To make it even more confusing for novices is they see open handlers saying lie down, lie down and the dog really isn’t lying down … so they come to the conclusion – it’s OK to just let the dog “do it’s own thing” because “after all” he reads sheep better than they do. BUT believe me those handlers DO have a down and they and their dogs are on the same page as to WHAT it means. A soft lie down might not mean REALLY lie down but only “don’t put so much pressure on your sheep” where a sharp, hard lie down means “hit the dirt” now! But the point is they do have a down it’s not just the word but the tone the handler is using and the dog is reading.
Downs allow you to get in a position to correct a dog. If you have to repeat the down 3 or 4 times … think how much closer that dog will be to his sheep by the time he actually DOES down. So, if he’s cutting a flank and you need to walk out to correct him … the correction will NOT be that effective because he didn’t down WHERE he NEEDED the correction. It’s too late for a “correct” correction if he’s 10 feet closer to his sheep than where the actual correction SHOULD have taken place.
So, remember the down is a “piece of the puzzle” it’s not the whole picture but if you don’t have it you will never get all those puzzle pieces to fit.
P.S. It’s NOT just novices — as I was just reminded recently that my dog was running through his down :@) So, cheer up … it’s something we all need to work on.
I’ve had a few students that are having outrun issues so thought I would “touch” on that.
When you are working on an outrun be prepared to do a lot of walking (or running if you are of that “age group” :@). The minute a dog LOOKS in on an outrun – prepare yourself for a correction. If he looks in and then releases – allow him to continue on his path (assuming it was wide enough). If he looks in and casts out that’s even better (assuming he’s not a dog that runs too wide). BUT if he looks in and COMES in he’s WRONG … even if it’s just a step or two. Why you say … because if he comes in a couple of steps every time he looks at the sheep – it won’t be long until he’s pushing them sideways and not covering.
Also, If he looks in and KEEPS looking in even if he’s still going on the same path … he is putting PRESSURE on the sheep. This is the opposite of what an outrun is “all about”. The purpose of an outrun is to get to the other side of the sheep with as little pressure as possible – while staying in as close of contact as he can without upsetting his sheep (so, not running too wide). Looking to see where the sheep are in relationship to him and you is GREAT … looking trying to connect with the sheep before the outrun is completed is a problem.
So, if he looks in – and doesn’t look out again – correct him – BEFORE he gets closer to his sheep. The widest part of an outrun should be around 9 and 3 on the clock (so when he is even with the sheep) because that’s the spot that puts the most pressure on the sheep. It’s not how he starts out (although that does matter) but how he finishes that’s important. Wide on the bottom and tight on top is a lot more destructive than the other way around. Although with some dogs if they don’t break wide at the bottom (not backwards … just casting out wide from your feet) they tend to be tight at the top. You need (as with everything else in training) to know your dog.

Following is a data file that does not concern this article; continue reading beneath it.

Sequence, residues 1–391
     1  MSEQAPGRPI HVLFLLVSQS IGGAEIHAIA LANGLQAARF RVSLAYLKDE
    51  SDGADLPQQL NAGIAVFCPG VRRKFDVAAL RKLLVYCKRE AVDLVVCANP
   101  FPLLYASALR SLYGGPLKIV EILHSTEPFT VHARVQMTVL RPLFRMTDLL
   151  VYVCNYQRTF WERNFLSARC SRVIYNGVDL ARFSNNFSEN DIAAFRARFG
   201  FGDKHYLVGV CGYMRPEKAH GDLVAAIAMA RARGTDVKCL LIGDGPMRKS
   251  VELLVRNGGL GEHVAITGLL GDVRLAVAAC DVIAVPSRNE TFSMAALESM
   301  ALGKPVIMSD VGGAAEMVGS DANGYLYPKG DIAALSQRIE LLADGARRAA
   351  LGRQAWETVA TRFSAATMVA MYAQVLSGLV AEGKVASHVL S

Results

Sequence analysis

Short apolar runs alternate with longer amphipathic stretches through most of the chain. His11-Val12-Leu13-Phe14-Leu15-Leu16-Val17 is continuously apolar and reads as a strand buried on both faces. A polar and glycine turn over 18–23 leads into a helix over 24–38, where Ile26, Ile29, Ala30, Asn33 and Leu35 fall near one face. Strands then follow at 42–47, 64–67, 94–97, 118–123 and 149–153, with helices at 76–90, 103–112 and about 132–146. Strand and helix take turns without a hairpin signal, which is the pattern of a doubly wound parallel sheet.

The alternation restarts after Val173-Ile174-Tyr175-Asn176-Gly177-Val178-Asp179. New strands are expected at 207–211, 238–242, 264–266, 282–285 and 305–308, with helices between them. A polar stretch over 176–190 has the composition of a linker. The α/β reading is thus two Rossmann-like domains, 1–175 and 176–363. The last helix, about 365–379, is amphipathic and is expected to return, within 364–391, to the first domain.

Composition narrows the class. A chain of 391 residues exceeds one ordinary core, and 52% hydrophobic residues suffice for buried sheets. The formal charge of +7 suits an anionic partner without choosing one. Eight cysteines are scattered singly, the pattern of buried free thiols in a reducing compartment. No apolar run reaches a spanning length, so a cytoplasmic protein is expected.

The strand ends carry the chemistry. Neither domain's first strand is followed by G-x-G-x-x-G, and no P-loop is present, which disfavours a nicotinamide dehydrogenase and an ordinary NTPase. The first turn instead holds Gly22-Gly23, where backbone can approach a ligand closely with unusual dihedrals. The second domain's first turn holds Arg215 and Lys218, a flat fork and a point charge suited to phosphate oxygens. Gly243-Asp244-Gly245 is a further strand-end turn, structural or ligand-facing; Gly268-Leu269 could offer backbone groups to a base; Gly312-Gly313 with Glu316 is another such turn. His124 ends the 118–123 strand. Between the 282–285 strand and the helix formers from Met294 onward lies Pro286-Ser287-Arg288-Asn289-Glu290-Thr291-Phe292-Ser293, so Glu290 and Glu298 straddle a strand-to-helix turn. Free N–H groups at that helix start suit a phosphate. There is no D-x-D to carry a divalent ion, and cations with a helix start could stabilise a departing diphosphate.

If I’m having outrun “issues” I will start walking toward my sheep the minute I send my dog … watching him out of the corner of my eye. I’m looking for a smooth easy running style (less tension) and if I see he’s “getting tight” – I get ready to stop him. However, before I stop him … I give a correction (some dogs listen to a “growl” others it’s “hey” … play around with it until you get one that “fits” your dog). Then I lie him down (AFTER the correction) and tell him to “get out of that”. You have to give a correction NOT just a down. The reason being that if done enough and correctly all you will have to give is a “growl” to get him to bend off (or later on a redirect whistle on the run).
I personally have a correction down and it’s a HARD lie down (they KNOW they are in trouble and so when they stop they are receptive to actually HEARING what I say ) … then I wait and give a re-direct. I want him to KNOW he was wrong — not just down him and sent him on “his merry way”. However, “keep this in perspective” you don’t want them thinking a down is a correction or they will start to hesitate every time you say down (which is not what you want).
The biggest problem I see with students and outruns is two-fold. They wait to long to give the correction (dog is already tight NOT just thinking about it) and they don’t walk far enough out to correct the dog. So, catch him when he’s THINKING about coming in (not after he’s done it) and walk ALL the way out to make sure the top end is correct.
“Keep in the back of your mind” training dogs = walking and you will get more out of your dog.
As one of my students often states “never in my life have I’ve ever worked so hard to be so mediocre” :@). Training working dogs is difficult … no doubt about it. Especially for novices trying to understand dogs, sheep and how they interact.